Jim did not react at first, so Spock reached for his wrists to pull his hands away from his eyes. They were wet and red, obviously from crying. Alarm shot through Spock.
“There-s-there’s been an accident,” Jim whispered. “Chekov—” He thrust his communicator at Spock.
Spock glanced down at the communicator but there was nothing there. Just Jim’s communicator. Spock’s gaze rose.
“He didn’t make it.”
Spock sucked in a breath. For a moment Jim swam in front of him, moving out of focus. Spock closed his eyes, forced control. There was an ache in his side that had not been there a moment ago. But he opened his eyes and refocused on Jim. Jim would need him.
“I grieve with thee,” he said softly, reaching for Jim. He was not sure what to do other than to embrace Jim as Nyota had done for him during moments of grief. Jim sagged against him.
“How am I supposed to get through this, Spock?”
“Together we will, Jim.” Spock held him tighter. “Together as always.”
“I can’t go back in there.”
“You do not have to. I will go and inform the doctor. Wait here.” Spock placed a chaste kiss on Jim’s forehead and went back into the restaurant to break the news to Leonard.
“What can I do for you?”
“You don’t have to stay with me, Spock,” Jim said from where he stood by the window of his apartment, looking out at San Francisco.
Spock did not bother to respond for of course he did have to stay with Jim. And he had a feeling Jim knew it too.
“No. I think it would just sour in my stomach right now.” Jim pressed the palms of his hands against his eyes. “He was just a kid.”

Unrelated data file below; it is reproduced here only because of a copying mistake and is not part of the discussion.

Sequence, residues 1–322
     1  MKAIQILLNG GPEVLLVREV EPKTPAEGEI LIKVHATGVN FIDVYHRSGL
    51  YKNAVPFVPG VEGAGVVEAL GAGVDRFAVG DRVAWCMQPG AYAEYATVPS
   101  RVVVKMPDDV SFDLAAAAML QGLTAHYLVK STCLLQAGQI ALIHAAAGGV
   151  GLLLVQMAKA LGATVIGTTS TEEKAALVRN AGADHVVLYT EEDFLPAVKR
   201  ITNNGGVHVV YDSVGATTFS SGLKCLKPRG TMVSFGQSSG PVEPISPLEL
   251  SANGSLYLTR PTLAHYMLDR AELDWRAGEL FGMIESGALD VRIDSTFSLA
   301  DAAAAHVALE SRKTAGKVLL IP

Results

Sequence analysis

“I know.” Spock went into the kitchen and brewed some tea, because he needed to do something. He was aware he was not very good at offering humans emotional comfort. He did try, but it was not something he had ever practiced. His mother had been very strong and though there were times when he thought he saw hurt in her eyes or a slip of her mask of strength, she continued to maintain the façade in front of both her husband and son. It often occurred to Spock how difficult it must have been for her with two Vulcans to subdue her emotional side.
When he came out of the kitchen with tea he saw that Jim had begun to shake. He had his arms wrapped around himself and he was trembling. Spock set the tea down and went to him, wrapping his own arms around Jim from behind and pulling him close.
“It’s unfair,” Jim whispered. “All that we went through. All that he went through and it-it ends like this.”
Spock once heard it said that death too no prisoners and he’d always thought it an odd saying. And it offered absolutely no comfort.
“He apparently did not suffer much,” Spock said softly. “It happened quickly.”
“I’ve-I’ve lost people. Lots of people. Why is this so damn hard? Why does it hurt this much?” Jim turned in his arms and buried his wet face in Spock’s neck.
“You were close to him. You spent time with his every day for years. We were all close. It is like the loss of a family member.”
“The best thing we can do is keep him in our memories and in our hearts. Yes?”
Jim nodded against him. “You’re right.” His hand twisted in Spock’s sweater. “It’s better with you here. I know I told you that you didn’t have to stay but…will you?”
“There is nowhere else I would be,” Spock assured him. “I made tea. If you would like some.”
“That sounds good.” But when Spock went to move away, Jim’s grip on his sweater tightened so Spock stayed where he was. Where he